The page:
The Law, Society, and The Police

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Covert surveillance photograph of David Myatt by the BBC

Covert surveillance photograph of David Myatt by the BBC, taken in Spring 2000

 

Editorial Note: Reproduced here are some quotations by David Myatt about the law and the police, written between 2011 and 2012 which quotations (compiled by JRW in 2012) are, in our view, quite illuminating considering: (a) Myatt’s thirty years (1968-1998) as a violent neo-nazi activist, (b) his convictions for various criminal offences (including violence and running a gang of thieves) resulting in three terms of imprisonment, (c) his conversion to Islam and decade long (1998-2008) activities as a staunch advocate of “Jihad, suicide missions, and an ardent defender of bin Laden” [Source: Wistrich, Robert S, A Lethal Obsession: Anti-Semitism from Antiquity to the Global Jihad, Random House, 2010. ISBN 978-1-4000-6097-9] and who as a Muslim travelled and spoke in several Arab countries [Source: Mark Weitzmann, Anti-Semitism and Terrorism, in Dienel, Hans-Liudger (ed), Terrorism and the Internet: Threats, Target Groups, Deradicalisation Strategies. NATO Science for Peace and Security Series, vol. 67. IOS Press, 2010. pp.16-17. ISBN 978-1-60750-536-5, (d) the recent anti-police hysteria in America; and, last but not least, (e) persistent (but as yet unsubstantiated) rumors of Myatt being an agent provocateur employed by the British state, which thus might indicate (as someone once wrote) that “the ONA [Order of Nine Angles] may well have been created by a state asset as a means of gathering intelligence and recruiting suitable individuals to undertake acts of subversion, extremism, and terrorism, under the pretext of occult training,” which acts are of course the raison d’être of the agent provocateur.

N.B. In lengthy and interesting essay, published in 2011 and entitled The Uncertitude of Knowing (pdf), Myatt outlines the basis for his ‘numinous way’ – a way he later refined into the philosophy of pathei-mathos – with Myatt remarking that:

“What I written in the past few years derives from my own diverse personal experiences, from my reflexion upon such experiences; from my pathei-mathos, from my experience of diverse ways of life, diverse religions, and by my interaction with individuals of good intentions and with individuals of bad intentions. Given such experiences I feel I understand in some small way something of the nature of suffering – having also personally caused and contributed to suffering – and why I assign myself to the fourth option above, for I find that to overtly condemn the honourable actions (and I stress, the honourable actions) of others requires one to have a belief in some particular abstraction or adhere to some dogmas or to have some faith in some conventional religious perspective. Having no such religious belief, no adherence to some political dogma, no desire now for such abstractions, who am I to condemn, to blame, to judge such honourable actions? I have made enough mistakes in my own life to know my fallibility, as my views have evolved, matured, as a result of my experiences, my pathei-mathos.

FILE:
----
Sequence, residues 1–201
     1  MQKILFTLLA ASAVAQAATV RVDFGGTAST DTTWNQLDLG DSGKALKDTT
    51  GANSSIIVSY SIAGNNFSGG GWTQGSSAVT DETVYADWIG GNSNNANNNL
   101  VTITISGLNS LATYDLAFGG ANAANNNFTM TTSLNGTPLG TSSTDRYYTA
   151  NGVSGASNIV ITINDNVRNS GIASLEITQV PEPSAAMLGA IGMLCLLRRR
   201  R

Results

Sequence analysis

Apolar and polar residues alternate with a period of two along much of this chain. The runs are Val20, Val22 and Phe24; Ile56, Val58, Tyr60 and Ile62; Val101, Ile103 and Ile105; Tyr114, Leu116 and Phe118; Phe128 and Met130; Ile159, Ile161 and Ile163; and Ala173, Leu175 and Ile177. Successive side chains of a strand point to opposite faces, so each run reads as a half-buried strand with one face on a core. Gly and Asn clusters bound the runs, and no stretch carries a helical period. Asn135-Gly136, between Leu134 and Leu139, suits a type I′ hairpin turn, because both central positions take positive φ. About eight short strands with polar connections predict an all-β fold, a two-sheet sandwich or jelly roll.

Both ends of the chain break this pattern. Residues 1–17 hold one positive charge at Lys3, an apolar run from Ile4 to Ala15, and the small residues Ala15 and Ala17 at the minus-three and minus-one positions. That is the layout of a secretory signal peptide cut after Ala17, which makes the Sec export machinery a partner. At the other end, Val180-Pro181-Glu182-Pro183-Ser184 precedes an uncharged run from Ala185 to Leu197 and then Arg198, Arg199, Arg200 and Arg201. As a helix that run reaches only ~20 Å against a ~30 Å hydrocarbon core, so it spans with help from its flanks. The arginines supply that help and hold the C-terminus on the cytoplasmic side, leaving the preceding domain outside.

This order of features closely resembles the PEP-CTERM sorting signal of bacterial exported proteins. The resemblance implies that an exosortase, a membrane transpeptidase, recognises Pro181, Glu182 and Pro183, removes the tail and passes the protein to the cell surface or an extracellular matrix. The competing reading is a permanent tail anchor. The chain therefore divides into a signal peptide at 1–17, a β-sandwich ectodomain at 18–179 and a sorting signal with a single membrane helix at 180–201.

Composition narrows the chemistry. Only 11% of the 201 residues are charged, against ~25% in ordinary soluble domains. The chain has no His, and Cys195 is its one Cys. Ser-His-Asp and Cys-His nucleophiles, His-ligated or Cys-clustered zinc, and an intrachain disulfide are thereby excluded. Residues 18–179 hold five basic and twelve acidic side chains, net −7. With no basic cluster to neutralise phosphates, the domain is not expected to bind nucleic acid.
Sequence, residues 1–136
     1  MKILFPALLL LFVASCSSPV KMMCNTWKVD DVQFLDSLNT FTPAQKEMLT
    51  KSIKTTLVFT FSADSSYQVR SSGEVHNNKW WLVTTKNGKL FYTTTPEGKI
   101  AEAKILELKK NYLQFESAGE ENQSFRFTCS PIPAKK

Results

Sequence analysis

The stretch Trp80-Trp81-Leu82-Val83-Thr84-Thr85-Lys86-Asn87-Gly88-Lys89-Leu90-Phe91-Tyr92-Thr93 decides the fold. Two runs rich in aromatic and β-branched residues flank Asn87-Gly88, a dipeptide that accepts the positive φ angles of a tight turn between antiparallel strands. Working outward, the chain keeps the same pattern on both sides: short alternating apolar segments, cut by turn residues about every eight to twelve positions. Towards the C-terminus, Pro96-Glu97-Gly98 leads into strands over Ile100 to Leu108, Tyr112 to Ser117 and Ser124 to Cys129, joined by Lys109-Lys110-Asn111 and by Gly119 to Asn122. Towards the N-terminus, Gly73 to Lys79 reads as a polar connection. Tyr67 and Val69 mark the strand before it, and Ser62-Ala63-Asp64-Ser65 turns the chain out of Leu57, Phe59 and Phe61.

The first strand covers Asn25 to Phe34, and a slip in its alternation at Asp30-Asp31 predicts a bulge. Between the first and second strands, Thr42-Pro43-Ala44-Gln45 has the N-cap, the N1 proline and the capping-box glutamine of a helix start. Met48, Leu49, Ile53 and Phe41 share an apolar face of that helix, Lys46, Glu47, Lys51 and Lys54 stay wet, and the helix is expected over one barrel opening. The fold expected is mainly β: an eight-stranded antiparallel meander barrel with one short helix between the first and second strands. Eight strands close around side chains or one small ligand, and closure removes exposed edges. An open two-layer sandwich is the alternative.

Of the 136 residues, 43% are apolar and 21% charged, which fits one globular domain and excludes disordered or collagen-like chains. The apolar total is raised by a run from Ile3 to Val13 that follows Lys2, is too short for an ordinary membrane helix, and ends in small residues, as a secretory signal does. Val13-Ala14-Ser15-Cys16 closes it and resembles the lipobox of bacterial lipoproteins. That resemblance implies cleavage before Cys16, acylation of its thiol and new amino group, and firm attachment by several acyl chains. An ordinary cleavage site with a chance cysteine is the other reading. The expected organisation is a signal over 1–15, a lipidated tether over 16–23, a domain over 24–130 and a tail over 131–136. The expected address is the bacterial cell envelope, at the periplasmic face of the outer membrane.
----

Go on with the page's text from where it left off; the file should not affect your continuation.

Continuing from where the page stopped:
So all I have is my own perspective, my own uncertitude of knowing. Which perspective of mine is of feeling suffering, understanding how empathy and compassion and a personal honour in the immediacy of the moment are my answers to the problem of suffering – and yet which perspective also includes a knowing, a feeling, an understanding, of how suffering will continue, for centuries, if not millennia, and why some individuals are motivated, have been motivated, and will be motivated to try in their own way according to their own understanding to do something to alleviate such suffering, here, now. And why I have no right to condemn the actions of such individuals because I have no dogma, no adherence to some conventional faith, to base such a condemnation on. That is, I give them the benefit of the doubt, and only apply the criteria of honour, and which criteria express my own limited understanding of this complex and ethical issue.”

His essay The Uncertitude Of Knowing thus provides the necessary context for the Myatt quotations (on law and the police) presented here.



Myatt On The Law, Society, and The Police